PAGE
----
Minnows, do we need them?

2007-09-19 09:28

Arthur Turner

South Africa are on course to reach the Twenty20 World Championship final at the Wanderers on Monday thanks to their plethora of dynamic all-rounders who've added batting depth and plenty of bowling options to the line-up, a recipe for success in the T20 format.

At this stage it appears South Africa could play Australia in the one semi-final and Pakistan may play New Zealand in the other.

The group stages produced the expected results with only the odd upset recorded.

Zimbabwe's defeat of Australia was the biggest shock while Bangladesh's victory over the West Indies heaped more misery on the men from the Caribbean.

Scotland and Kenya were totally out of their depth, especially Kenya whose bowlers against Sri Lanka conceded the highest ever score (260) and in the same match were also bowled out for the lowest ever score (88) in T20 cricket.

The question arises, do the "minnows" add value to a global event or detract from it?

My views are well documented that they undermine the integrity of international cricket and I still hold that view.


The group stage also saw two firsts for T20 cricket with Chris Gayle's 57-ball century against South Africa at the Wanderers and Brett Lee's hat-trick against Bangladesh at Newlands. Both were special achievements.

The bowl-out at Kingsmead between Pakistan and India was also a first. My feelings are that a mechanism to break a deadlock is innovative but that the bowl-out did not work and was inappropriate for a group stage match.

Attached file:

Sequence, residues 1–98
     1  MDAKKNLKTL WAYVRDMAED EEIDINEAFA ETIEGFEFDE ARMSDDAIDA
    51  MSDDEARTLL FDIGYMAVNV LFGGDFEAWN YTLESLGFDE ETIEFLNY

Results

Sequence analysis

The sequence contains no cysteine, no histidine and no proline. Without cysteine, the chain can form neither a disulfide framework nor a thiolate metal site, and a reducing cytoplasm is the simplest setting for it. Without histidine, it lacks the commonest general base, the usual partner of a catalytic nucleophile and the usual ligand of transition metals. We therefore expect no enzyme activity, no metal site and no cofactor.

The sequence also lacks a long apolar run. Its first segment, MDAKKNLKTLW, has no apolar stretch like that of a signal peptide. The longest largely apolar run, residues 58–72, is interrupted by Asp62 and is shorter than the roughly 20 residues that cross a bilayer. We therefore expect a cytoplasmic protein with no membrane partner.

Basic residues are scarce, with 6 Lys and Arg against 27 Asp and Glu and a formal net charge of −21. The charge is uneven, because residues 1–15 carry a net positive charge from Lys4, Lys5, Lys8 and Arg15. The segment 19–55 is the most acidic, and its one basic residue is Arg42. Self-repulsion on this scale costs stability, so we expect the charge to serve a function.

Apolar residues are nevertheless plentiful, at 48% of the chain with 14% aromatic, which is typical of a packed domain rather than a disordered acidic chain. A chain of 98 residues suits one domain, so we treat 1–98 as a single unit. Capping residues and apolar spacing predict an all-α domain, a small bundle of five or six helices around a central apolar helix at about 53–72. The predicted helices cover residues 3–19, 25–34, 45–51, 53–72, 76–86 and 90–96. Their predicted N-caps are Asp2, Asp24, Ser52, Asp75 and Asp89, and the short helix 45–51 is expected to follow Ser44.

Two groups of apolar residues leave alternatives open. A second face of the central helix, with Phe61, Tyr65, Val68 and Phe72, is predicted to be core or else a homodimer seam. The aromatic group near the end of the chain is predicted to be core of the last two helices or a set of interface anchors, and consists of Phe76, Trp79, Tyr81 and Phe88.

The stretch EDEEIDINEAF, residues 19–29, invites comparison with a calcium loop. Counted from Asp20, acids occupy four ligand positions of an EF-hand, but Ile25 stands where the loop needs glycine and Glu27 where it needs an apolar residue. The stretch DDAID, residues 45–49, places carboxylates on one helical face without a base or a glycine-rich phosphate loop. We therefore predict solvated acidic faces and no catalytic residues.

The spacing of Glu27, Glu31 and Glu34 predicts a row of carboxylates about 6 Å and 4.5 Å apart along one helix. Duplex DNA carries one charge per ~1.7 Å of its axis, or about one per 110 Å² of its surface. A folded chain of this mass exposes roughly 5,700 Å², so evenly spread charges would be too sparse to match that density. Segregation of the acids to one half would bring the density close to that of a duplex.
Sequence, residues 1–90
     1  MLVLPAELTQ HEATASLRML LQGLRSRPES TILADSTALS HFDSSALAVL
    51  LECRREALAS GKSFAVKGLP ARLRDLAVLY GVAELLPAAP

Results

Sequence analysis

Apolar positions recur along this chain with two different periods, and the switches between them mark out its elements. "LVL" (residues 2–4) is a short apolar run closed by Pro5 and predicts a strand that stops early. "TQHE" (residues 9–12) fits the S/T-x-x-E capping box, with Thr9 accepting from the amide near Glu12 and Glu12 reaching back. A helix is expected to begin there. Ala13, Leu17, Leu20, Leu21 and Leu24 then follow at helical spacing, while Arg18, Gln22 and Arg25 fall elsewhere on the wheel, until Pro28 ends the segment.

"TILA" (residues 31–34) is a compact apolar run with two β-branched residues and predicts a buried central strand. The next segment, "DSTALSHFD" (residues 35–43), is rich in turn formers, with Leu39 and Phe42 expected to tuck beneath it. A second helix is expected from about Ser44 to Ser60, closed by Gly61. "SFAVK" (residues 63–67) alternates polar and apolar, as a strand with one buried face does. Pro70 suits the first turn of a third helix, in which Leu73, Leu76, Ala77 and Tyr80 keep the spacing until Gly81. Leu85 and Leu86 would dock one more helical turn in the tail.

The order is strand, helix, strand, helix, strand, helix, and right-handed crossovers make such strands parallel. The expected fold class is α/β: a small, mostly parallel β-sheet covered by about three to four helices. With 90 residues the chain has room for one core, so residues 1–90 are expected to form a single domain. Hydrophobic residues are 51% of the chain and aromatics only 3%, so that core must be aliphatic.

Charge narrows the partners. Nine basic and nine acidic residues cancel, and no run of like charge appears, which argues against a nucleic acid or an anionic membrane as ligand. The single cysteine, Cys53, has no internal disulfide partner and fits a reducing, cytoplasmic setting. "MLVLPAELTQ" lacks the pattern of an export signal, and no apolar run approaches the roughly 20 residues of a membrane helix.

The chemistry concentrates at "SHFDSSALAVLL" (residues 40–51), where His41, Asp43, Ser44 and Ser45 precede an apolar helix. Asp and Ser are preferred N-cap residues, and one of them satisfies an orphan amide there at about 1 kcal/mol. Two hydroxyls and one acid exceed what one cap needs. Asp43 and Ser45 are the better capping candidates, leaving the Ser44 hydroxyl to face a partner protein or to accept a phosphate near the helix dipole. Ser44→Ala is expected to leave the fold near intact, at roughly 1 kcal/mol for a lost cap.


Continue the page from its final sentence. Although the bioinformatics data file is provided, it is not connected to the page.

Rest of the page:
If two teams play well in a match that is not sudden death game, why not let them share the points? There is already a net run rate formula in place to separate the teams on the log if both teams earn the same number of points.

The mechanism to break a deadlock situation should only be used in sudden death games like semi-finals and finals.

The bowl-out in itself was a farce as we saw pace bowlers bowling off five paces to give them the best opportunity to hit the wickets. I think extra-time in the form of an extra two overs per team would be better suited in a deadlock situation. This would be fairer to the two teams, great entertainment for the crowd and television audience.

The bowl-out idea obviously originates from soccer's penalty shoot-out, however, the penalties in soccer are the last option if the scores are still level after extra-time.

Twenty20 fever has hit South Africa and may it continue till Graeme Smith lifts the trophy at the Wanderers on Monday.

  • Arthur is a former cricket administrator.

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    AB praises selfless skipper

    2010-11-21 18:15

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